BP: “Speculating on such revisions is hard to do. On the one hand, BEA has provided lots of detailed information on its Web site (www.bea.gov) on how the accounts will be changed, including a few new definitions, a new classification system for consumer spending, and the re-basing of the chained-dollar estimates from 2000 to 2005. In contrast, BEA has released only sketchy information on the size and direction of the revisions: that GDP for 2002 will be revised up $202 billion, or 1.9 percent, with about $150 billion of the revision to consumer spending. We also know from BEA’s published methodology that these revisions will be extrapolated back to 1998 (the last economic censuses were in 1997) and then extrapolated forward to 2005 using essentially the published estimates, and then to 2008 using the published estimates plus whatever new annual surveys have been published since July 2008.”
DRK: “Can you speculate on some changes that may be forthcoming? We are certainly interested in the personal savings rate.”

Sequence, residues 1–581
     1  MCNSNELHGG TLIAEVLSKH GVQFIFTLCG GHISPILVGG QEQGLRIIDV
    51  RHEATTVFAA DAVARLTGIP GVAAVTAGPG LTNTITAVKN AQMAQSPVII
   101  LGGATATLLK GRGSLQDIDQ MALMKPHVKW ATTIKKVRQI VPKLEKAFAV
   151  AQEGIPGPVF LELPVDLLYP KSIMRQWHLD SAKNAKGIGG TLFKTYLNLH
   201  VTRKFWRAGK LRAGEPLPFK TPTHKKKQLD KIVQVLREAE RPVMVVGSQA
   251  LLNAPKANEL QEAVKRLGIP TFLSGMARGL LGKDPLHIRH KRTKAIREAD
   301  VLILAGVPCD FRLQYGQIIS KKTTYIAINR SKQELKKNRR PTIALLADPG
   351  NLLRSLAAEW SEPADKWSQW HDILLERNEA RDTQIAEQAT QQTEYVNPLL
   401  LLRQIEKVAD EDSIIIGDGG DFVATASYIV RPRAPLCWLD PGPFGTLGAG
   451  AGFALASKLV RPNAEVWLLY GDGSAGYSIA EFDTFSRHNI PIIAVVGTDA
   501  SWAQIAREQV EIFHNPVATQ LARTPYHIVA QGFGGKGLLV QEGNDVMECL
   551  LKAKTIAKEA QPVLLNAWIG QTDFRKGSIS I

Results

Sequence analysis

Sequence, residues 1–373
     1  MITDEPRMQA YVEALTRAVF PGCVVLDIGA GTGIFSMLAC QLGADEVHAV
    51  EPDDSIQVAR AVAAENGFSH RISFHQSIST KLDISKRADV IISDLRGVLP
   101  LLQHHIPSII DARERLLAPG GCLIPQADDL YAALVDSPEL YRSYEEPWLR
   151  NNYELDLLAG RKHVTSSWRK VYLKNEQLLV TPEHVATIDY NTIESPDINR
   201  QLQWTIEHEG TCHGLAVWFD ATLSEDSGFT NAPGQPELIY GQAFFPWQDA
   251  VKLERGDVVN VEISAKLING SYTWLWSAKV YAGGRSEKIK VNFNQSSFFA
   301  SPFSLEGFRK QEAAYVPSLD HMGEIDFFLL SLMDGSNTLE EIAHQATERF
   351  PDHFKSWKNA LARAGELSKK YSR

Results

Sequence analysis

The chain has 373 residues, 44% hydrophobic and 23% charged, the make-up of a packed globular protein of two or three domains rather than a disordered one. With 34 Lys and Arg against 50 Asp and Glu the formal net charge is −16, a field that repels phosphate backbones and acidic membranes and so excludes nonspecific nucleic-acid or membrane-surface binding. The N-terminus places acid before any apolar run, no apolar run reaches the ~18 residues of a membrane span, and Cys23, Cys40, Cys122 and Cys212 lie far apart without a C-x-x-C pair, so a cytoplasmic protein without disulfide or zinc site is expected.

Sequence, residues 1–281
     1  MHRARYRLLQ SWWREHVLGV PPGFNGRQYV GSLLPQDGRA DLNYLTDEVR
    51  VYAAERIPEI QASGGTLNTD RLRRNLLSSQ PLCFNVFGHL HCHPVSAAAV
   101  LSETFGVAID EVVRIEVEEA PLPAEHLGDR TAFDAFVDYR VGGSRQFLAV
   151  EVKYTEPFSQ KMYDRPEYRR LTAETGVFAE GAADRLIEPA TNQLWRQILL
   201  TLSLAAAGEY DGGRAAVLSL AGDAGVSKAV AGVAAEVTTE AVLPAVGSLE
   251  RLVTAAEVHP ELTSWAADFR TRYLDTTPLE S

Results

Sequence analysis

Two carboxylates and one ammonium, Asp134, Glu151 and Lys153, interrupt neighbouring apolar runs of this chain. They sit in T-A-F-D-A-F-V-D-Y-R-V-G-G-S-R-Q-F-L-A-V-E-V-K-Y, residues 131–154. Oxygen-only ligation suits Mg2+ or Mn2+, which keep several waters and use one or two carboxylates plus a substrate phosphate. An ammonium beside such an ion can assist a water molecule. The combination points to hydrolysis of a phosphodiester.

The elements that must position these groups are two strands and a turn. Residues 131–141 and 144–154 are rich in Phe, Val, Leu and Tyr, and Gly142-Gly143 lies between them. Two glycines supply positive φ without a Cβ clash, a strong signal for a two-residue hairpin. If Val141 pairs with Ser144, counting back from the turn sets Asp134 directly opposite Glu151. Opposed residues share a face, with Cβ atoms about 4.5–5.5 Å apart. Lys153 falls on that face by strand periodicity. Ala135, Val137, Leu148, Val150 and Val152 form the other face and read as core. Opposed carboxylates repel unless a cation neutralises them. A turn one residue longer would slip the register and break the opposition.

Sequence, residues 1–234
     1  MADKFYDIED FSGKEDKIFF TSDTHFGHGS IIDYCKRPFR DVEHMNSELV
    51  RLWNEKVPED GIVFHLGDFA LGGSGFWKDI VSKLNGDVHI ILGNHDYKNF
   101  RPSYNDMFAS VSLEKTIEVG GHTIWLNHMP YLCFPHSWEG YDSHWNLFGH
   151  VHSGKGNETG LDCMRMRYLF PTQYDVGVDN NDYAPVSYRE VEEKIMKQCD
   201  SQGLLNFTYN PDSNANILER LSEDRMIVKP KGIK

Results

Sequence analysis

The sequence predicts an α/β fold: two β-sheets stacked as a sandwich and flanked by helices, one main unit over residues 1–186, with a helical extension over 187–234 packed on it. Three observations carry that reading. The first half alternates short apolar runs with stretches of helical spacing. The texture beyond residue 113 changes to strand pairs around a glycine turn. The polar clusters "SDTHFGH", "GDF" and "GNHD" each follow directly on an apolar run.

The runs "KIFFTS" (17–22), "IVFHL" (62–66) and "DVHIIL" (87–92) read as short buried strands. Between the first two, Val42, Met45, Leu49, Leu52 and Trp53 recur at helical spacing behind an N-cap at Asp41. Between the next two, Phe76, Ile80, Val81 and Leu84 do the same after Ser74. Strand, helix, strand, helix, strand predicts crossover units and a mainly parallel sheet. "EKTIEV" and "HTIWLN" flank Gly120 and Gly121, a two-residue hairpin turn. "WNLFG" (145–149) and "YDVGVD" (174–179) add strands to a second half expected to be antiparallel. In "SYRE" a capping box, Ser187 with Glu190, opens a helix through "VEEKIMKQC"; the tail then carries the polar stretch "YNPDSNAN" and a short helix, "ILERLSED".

BP: “So if we want to speculate about revisions to the personal savings rate – such revisions could give economists a different picture about the recent health of the consumer – we need to speculate about personal outlays and incomes. We can get a reasonably good take on outlays, most of which come from consumer spending, extrapolating the revised 2002 estimate by the currently published data. We extrapolate the revised 2002 estimate by the published consumer spending estimates for 2002-2008 and get an expected upward revision to 2008 consumer spending of some $200 billion. That amount is slightly above the currently published estimate of savings and so savings would be higher.”